Saumur to Angers on La Vélo Francette

We're cycling the La Vélo Francette long-distance bike route from La Rochelle to Caen. Here's today's stage from Saumur to Angers.

cycling saumur to angers

Follow our full journey on the blog.

Distance: 62.17km

This section was a highlight because it was the stretch of La Velo Francette that runs along the hugely popular and much heralded Loire à Vélo, the 800km trail that also makes up part of the EuroVelo 6 long-distance route.

Loire a velo

Here's how we got on.

Saumur to Le Thoureil 26.10km


We'd stayed at Hotel de Londres in Saumur, which has 'accueil velo' ('welcome cyclists') status. There is a dedicated bike shed around the back of the hotel and behind a coded gate.

Hotel de Londres Saumur

Our bikes weren't lonely in their garage.

Hotel de Londres Saumur

Here's the lovely Claire, who had been so welcoming the night before (even phoning our restaurant to tell them the two smelly cyclists who had booked were running late and still in the shower). 

Hotel de Londres Saumur 

I started the day having a coffee with Andrew Sykes, a cycling author from England and the man behind the excellent Cycling Europe website. Andrew and his bike, Reggie, are well-travelled long-distance cyclists and are currently making their way from Tarifa in Spain to Nordkapp in Norway. (Andrew contributed EuroVelo articles to Freewheeling France here and here).

Here I am meeting Reggie.

Andrew Sykes  

On my way back to the hotel to get my bike (and Nicky), I met some other long-distance cyclists, this time from Australia.

Here are Marjorie and John, who had arrived in the Loire from Paris after flying in from Melbourne. They were at the start of an epic cycle ride across France, Italy and other northern European countries (I am hopefully meeting up with them tonight in Angers to find out more about their trip - will keep you posted).

JOhn and Marhorie

So after all the morning's pleasantries, it was quickly off to visit Saumur's chateau, with a steep climb to the top rewarded with beautiful architecture and stunning views of the valley.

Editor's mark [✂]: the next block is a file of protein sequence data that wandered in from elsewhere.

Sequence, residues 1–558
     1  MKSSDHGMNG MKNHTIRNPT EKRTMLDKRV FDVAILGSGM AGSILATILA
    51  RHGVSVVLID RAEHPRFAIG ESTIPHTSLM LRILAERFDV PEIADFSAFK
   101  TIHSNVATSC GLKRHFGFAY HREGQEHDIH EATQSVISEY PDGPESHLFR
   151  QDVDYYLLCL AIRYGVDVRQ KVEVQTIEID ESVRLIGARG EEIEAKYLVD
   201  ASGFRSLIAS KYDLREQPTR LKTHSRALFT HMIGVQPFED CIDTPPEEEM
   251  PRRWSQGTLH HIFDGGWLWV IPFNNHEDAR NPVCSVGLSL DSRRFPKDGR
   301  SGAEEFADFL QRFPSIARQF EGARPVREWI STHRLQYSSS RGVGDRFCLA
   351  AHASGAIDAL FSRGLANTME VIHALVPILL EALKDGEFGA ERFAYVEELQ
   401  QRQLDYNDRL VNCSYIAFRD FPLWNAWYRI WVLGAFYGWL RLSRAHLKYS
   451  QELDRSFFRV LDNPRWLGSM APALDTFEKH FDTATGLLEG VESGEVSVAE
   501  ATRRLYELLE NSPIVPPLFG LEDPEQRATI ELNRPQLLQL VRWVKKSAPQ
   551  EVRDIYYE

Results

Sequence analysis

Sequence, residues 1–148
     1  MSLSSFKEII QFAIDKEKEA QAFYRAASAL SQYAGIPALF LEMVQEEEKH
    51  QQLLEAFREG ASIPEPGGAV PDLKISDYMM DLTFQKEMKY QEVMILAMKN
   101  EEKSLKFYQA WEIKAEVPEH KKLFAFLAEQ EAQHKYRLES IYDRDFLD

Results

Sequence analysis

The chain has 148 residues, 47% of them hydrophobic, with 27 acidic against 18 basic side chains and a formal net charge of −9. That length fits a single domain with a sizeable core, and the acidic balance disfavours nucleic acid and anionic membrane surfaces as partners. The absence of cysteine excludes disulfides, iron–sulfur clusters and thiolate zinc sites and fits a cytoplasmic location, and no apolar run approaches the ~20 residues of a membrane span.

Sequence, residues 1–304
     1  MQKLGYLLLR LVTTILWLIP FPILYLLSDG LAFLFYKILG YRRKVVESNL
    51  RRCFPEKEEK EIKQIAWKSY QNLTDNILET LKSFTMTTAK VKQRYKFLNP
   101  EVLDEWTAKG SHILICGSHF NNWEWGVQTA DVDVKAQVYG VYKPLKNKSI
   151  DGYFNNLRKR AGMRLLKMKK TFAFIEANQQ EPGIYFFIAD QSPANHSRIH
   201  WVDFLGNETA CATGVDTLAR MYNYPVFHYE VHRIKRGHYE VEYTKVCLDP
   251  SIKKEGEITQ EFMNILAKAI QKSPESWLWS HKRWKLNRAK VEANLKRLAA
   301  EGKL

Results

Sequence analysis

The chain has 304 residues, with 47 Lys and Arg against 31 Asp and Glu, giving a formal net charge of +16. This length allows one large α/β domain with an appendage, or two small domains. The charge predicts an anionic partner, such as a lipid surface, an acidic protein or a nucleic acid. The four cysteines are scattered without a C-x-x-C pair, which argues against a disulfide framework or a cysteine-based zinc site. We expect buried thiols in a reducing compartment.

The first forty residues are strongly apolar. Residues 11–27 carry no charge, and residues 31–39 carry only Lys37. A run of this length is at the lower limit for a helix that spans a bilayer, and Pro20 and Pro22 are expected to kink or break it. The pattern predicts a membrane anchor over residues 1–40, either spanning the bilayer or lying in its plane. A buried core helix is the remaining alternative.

Chateau saumur

It was midday by the time we rolled out of Saumur in the direction of Angers, the route mostly a wide, shared road with intermittent views of the river. One thing that surprised me throughout the day was how much the route tended to meander inland and away from the river. We rode through farming areas and villages, which came as a big surprise as I'd been expecting to have water at my side all day.

We'd left Saumur so late that we'd missed the lunchtime restaurant menus and had to be content with some juices and a tarte du citron each at a riverside cafe.

The GPS says we stopped at Le Thoureil but it was actually near the bridge at Saint-Rémy-la-Varenne (I turned the GPS off prematurely when we thought we'd found a restaurant that was open at Le Thoureil (it wasn't and we rode on).

cycling saumur to angers

There were worse places to spend our break.

cycling saumur to angers

And worse places to chill out afterwards.

cycling saumur to angers

Le Thoureil to Angers, 36.07km


We cruised on along dedicated paths but (mostly) shared roads, with cyclists far outweighing drivers. This must be a cycling superhighway in summer if the May traffic is any indication (though as luck would have it, Nicky was he only one when I got my camera out here – good thing I brought her as she is proving a useful model).

cycling saumur to angers

Despite being warned of unseason flooding on the western (Bouchemaine) link into Angers, we rode that way anyway (and beyond the Gare d'Angers turnoff) to check it out (or maybe just because we missed the turn).


Don't worry if you're riding this area in the next few weeks; the flooding will have almost subsided by the time you read this and it's a very rare occurrence beyond early May. If in any doubt (i.e if it's been raining a lot). just ask ahead at a tourist office).

We chose our own adventure around the flooded section with help from Nicky's iPhone (I'll embed the GPS maps properly above when I get a chance) and made it safely into Angers via some apple orchards and segregated paths from the city's edges.

We arrived at the Hotel de l’Europe in Angers in time to tuck our bikes in the locked courtyard and have a quick shower before heading out to explore the city (which, incidentally, has a program whereby students receive the free use of a bike for one year).

Today was a rest day, so we went for a quick spin and then checked out the chateau. Full report to come later on tonight (or maybe tomorrow if I have a vin rouge or three.

For more general tourist info on this stretch of the Loire, check out:

Here's our full La Vélo Francette itinerary including all out B&Bs and hotels.

On the blog

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